The weather has been amazing the last couple of days, too hot for working in the Studio so I’ve been sitting outside at a little table sketching with watercolour was crayons, called I think Neocolour. They are quick to work with and I love blending the colours. I used the above reference from a walk in the countryside yesterday and imagined the feeling of walking into a magical Blue bell wood.
I love growing squash, but this year, I reckon because of the drought, the harvest was disappointing. The squash were much smaller. However they have made a very good Still Life subject. I feel inspired by their textures, colours and those fabulous stripey designs. I actually like the dried slightly mouldy wizened stem!
My painting is work in progress, in oil on canvas gesso board. The oil is quite damp so I’ve got time to think about any changes I want to make.
The weather is warm here, the light fabulous for showcasing autumnal colours everywhere in nature. I’ll miss the swallows though!
Yesterday was a great Art for the soul day, painting almost non stop for 3 hours in a lovely Studio gallery location in the buzzing Hertfordshire market town of Hitchin. I have never painted in Oils before and found them quite a challenge but I will get mine out at home now because they are such a tactile, vibrant medium. I love them. I hope you enjoy my painting. I tried to capture the light and different colours in a photo of the ‘black tulip.
I always find walking along the North Norfolk coastal path calming restorative. The endless skies of clouds whch make dreamy characters from children’s picture books and the gentle salty air filled with samphire and sea lavender. The colour palette and interesting wild textures inspire me to write and paint.
Here are two textured painted sketches of the atmosphere evocative of Stiffkey salt marshes. I hope you enjoy t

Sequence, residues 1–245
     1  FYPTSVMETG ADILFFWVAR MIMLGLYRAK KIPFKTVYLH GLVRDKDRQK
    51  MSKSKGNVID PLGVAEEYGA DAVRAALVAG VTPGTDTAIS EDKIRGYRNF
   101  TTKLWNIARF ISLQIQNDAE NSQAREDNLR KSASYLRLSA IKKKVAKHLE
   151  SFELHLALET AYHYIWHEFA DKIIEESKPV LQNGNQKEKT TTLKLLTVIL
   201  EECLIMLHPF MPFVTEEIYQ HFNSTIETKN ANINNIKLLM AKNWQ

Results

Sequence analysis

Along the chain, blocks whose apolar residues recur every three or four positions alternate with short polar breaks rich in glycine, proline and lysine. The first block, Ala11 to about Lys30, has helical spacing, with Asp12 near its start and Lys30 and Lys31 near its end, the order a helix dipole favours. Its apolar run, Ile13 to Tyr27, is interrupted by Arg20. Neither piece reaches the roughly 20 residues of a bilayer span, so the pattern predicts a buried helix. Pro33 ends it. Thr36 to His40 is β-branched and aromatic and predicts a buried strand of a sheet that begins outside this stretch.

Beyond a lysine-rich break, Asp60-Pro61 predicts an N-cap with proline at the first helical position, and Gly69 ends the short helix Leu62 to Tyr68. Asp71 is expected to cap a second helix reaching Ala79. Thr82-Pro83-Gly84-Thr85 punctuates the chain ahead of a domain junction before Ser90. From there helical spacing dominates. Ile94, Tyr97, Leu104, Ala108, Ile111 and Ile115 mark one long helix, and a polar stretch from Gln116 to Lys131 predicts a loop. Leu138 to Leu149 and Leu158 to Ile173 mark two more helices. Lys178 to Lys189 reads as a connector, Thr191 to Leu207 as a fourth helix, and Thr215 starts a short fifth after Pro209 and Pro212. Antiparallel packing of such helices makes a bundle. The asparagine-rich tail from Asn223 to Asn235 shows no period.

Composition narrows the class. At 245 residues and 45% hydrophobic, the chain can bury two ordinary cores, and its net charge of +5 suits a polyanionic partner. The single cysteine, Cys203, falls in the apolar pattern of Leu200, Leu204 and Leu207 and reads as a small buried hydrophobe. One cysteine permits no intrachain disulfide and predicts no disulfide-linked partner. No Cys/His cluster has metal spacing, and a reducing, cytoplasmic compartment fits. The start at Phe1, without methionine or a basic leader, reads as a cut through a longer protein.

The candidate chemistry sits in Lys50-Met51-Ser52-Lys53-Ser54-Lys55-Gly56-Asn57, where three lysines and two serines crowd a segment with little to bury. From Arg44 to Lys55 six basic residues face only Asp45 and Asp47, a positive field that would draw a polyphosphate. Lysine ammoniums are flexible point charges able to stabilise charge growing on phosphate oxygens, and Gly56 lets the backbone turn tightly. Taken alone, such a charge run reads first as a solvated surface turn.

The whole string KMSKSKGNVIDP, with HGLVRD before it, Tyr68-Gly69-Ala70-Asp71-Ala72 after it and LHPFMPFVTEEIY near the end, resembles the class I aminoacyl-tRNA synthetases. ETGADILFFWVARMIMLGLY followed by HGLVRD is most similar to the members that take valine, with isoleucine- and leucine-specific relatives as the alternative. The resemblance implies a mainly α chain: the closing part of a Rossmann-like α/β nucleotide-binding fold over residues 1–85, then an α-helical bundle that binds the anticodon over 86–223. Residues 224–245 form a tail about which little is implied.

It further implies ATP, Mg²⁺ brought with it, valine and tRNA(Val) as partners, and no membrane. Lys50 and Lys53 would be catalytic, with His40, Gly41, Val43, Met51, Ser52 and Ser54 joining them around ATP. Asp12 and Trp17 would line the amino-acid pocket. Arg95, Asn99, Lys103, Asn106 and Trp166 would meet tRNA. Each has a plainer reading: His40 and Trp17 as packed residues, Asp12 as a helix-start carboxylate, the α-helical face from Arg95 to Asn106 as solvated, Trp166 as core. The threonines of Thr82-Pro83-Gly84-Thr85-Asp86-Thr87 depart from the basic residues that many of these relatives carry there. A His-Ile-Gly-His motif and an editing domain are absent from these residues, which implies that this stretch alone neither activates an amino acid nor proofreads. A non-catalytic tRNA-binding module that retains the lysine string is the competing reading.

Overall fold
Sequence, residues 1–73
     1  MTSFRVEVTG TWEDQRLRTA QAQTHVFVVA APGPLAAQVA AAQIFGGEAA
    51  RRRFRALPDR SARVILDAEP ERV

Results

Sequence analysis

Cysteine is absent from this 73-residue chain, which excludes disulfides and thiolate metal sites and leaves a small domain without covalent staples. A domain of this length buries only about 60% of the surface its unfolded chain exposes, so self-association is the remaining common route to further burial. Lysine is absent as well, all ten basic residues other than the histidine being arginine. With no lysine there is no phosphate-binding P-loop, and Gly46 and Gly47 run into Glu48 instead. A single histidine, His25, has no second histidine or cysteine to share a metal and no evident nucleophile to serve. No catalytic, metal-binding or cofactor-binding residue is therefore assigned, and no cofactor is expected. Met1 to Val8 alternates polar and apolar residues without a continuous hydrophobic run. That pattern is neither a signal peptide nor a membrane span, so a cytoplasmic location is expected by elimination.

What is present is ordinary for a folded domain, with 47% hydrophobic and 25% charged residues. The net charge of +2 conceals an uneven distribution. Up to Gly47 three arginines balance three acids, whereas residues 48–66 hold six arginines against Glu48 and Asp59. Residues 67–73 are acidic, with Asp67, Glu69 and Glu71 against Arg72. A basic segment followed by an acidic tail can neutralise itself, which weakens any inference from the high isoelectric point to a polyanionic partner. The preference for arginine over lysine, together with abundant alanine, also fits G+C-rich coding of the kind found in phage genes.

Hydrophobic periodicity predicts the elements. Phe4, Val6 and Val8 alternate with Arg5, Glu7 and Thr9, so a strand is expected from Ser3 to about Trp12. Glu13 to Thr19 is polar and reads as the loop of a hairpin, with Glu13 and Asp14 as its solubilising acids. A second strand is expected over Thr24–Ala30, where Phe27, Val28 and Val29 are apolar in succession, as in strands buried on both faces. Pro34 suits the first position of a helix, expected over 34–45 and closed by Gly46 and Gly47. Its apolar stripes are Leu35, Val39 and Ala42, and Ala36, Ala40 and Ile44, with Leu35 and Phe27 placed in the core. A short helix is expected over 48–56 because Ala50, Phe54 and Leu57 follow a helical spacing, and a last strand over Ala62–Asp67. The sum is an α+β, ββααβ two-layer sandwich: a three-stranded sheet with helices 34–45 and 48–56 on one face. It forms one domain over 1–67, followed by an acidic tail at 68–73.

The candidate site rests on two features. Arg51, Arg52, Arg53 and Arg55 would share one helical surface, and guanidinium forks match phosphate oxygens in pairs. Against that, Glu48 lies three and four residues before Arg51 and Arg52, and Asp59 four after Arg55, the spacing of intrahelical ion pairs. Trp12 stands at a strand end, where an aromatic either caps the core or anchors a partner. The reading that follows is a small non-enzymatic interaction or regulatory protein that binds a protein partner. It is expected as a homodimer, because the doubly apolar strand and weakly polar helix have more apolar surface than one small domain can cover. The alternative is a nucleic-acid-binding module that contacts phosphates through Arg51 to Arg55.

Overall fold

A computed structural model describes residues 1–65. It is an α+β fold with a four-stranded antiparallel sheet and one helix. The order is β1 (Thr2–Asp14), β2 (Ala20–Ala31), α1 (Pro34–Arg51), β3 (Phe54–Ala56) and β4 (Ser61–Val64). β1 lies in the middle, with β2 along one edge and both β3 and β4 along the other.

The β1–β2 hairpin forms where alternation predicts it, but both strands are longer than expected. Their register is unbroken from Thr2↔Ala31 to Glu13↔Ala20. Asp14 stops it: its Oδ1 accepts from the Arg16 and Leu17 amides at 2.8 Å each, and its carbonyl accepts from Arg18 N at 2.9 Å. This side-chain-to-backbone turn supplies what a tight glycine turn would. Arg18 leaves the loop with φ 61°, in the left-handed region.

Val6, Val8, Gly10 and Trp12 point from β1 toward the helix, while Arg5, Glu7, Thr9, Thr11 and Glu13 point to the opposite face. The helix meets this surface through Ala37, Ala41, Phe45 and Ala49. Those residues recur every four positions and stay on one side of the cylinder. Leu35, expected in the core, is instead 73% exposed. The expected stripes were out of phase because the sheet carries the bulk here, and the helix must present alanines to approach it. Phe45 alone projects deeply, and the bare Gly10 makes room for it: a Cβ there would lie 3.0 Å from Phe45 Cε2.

Yesterday I indulged myself ccompletely. My inner creative child just loved inking up the two collagraph plates that I designed and made a couple of week ago. At this time of year there are lots of summer blooms to enjoy so I couldn’t resist making a collograph print. The plate was made from mounting board. I used wallpaper samples to get texture, netting, twine untwisted and teased out for the stem and lots of pva glue for subtle highlights to suggest the frailty of the petals of the Peony. Next I mixed vintage coloured inks. The photo above shows the plate after it had been inked and through the press.
Here’s the first result. The colours and detail came out well. I was pleased with the result (always difficult to show on a photo). My print was hand pressed on A3 Watercolour paper.
My next post will show my next collagraph. I hope you enjoy It.
I love spending autumnal afternoons printmaking. There is so much to inpire me all around. This beautiful Barn Owl appeared as I was driving along the dark, quiet country road near the village of Cople. His white heart shaped face was lit up by the waxing moon. It was a truly magical sight, quite stunning!